Faculty Profile

V. Ara Apkarian
Group Page

University of California, Irvine
Department of Chemistry
2125 Natural Sciences II
Irvine, California, 92697-2025
Telephone: 949-824-6851
E-mail: aapkaria@uci.edu


Chemical Physics

The major thrust of our research is directed toward providing a fundamental understanding of photophysics and chemical dynamics in condensed media. Both experimental and theoretical studies are conducted on what may be regarded as model systems: systems, such as doped van der Waals solids and fluids, which are simple enough to afford a first principles understanding of elementary photoprocesses. The major challenge in understanding dynamics in condensed media arises from the many-body nature of interactions. Collective electronic and nuclear degrees of freedom must be taken into account in rigorous descriptions of even the simplest of chemical processes, such as the breaking or making of a chemical bond. An understanding of many-body effects is at present sought in a variety of phenomena: laser-induced coherences, charge transfer reactions, photodissociation, shock-induced chemistry, atomic and molecular mobility and diffusion, bimolecular reactions in liquids, and photodynamics in quantum hosts. Besides the fundamental interests in these investigations, several practical applications are pursued. The devise of the first solid-state exciplex lasers, optical energy storage via charge separation and self-trapping, the devise of energetic materials such as cryogenic propellants, and the initiation of shock induced chemistry in solids, are examples.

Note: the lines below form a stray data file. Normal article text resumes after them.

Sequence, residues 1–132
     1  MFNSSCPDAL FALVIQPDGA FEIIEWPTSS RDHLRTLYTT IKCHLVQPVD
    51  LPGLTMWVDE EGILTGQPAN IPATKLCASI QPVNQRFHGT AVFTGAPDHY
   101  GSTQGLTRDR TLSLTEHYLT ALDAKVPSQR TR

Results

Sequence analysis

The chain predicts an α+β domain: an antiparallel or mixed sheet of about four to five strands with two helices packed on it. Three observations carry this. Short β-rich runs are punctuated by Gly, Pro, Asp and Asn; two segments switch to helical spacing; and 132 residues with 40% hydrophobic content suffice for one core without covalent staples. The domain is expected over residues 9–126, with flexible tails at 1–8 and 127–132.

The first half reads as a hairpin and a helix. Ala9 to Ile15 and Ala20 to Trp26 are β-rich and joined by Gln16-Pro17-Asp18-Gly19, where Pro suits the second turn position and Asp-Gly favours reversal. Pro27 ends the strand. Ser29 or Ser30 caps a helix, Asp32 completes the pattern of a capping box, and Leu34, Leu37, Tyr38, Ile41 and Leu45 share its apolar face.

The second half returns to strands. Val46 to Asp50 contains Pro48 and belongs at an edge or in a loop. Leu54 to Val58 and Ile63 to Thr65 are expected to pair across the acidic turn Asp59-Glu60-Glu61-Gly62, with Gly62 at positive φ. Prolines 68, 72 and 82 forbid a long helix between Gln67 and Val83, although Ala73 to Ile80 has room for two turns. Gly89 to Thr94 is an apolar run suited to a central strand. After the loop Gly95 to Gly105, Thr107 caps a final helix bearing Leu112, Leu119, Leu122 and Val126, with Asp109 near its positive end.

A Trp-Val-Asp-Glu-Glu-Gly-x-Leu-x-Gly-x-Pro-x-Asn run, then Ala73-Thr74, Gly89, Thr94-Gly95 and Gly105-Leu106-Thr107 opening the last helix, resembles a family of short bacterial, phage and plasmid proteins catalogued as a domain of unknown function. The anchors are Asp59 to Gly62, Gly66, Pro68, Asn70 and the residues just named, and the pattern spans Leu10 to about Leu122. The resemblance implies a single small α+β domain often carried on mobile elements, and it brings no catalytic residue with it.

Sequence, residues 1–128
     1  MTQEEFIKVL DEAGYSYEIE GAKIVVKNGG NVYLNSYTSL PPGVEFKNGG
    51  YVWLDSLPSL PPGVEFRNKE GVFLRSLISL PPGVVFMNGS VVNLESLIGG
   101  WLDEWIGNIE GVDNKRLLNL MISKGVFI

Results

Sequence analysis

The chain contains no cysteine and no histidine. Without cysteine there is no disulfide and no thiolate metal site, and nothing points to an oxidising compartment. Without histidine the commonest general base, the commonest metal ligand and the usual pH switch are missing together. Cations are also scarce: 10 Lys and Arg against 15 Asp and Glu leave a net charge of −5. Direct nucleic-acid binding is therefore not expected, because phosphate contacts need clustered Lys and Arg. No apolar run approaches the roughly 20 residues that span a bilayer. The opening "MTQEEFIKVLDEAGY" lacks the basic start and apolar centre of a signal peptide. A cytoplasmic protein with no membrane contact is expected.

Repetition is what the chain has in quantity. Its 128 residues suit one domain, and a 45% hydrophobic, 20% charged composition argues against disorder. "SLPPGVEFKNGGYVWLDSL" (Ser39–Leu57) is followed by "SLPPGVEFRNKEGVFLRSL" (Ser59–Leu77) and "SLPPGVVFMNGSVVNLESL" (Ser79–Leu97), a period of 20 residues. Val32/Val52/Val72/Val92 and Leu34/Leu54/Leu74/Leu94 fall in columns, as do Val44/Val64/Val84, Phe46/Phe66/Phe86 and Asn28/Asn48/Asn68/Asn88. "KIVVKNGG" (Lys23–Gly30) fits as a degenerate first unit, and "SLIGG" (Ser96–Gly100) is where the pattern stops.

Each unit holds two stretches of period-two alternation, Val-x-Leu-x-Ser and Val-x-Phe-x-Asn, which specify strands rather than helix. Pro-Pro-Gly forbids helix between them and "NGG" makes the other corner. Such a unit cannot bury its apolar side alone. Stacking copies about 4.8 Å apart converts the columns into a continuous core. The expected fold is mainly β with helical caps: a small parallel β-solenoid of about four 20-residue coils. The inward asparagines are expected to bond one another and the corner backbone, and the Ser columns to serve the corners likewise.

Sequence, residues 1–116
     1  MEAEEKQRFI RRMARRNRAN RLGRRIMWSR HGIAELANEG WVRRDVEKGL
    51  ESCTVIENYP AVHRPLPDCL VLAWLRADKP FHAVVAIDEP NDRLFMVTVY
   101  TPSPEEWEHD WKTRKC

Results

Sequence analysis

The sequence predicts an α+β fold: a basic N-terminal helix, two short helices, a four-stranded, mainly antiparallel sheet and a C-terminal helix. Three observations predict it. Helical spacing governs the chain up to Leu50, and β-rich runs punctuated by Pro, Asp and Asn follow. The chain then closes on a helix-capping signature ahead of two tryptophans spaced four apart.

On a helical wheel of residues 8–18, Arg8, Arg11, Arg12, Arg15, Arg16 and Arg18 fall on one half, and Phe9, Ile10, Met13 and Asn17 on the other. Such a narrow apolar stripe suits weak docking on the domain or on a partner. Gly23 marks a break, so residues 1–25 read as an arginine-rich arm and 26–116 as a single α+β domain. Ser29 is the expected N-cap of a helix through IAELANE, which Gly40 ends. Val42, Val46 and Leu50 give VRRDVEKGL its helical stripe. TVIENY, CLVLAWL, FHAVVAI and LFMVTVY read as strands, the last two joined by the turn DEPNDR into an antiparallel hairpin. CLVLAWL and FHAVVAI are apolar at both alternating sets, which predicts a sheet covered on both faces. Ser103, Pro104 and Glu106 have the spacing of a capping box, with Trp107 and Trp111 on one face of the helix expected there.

The experimental studies invariably involve laser-based spectroscopic techniques, which are implemented in both frequency and time domain, over the spectral range from far infrared to the deep ultraviolet. The time resolution of studies stretches to the femtosecond domain, which enables the observation of atomic motions on a freeze-frame basis, and therefore provides the means for following and controlling chem istry as it evolves from reagents to products. Given the multidimensional nature of dynamics in condensed media, an atomistic level of understanding of the experimental findings is only possible by comparisons with detailed simulations. Iteration between laboratory experiments and computer experiments, i.e., large-scale simulations, is the method we rely on to make progress in our understanding of many-body dynamics and energetics.


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